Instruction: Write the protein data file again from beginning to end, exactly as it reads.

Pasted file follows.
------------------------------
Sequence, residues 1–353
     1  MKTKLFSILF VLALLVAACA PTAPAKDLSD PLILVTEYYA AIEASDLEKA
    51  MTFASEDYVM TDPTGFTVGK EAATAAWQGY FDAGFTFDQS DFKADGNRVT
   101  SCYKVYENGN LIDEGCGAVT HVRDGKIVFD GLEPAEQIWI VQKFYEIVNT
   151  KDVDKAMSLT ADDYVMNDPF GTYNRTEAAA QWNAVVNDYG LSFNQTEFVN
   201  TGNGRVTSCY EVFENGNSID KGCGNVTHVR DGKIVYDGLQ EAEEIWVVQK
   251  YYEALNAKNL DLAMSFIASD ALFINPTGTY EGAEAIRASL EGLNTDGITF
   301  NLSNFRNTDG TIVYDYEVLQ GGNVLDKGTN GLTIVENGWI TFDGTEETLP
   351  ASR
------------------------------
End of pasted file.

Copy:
Sequence, residues 1–353
     1  MKTKLFSILF VLALLVAACA PTAPAKDLSD PLILVTEYYA AIEASDLEKA
    51  MTFASEDYVM TDPTGFTVGK EAATAAWQGY FDAGFTFDQS DFKADGNRVT
   101  SCYKVYENGN LIDEGCGAVT HVRDGKIVFD GLEPAEQIWI VQKFYEIVNT
   151  KDVDKAMSLT ADDYVMNDPF GTYNRTEAAA QWNAVVNDYG LSFNQTEFVN
   201  TGNGRVTSCY EVFENGNSID KGCGNVTHVR DGKIVYDGLQ EAEEIWVVQK
   251  YYEALNAKNL DLAMSFIASD ALFINPTGTY EGAEAIRASL EGLNTDGITF
   301  NLSNFRNTDG TIVYDYEVLQ GGNVLDKGTN GLTIVENGWI TFDGTEETLP
   351  ASR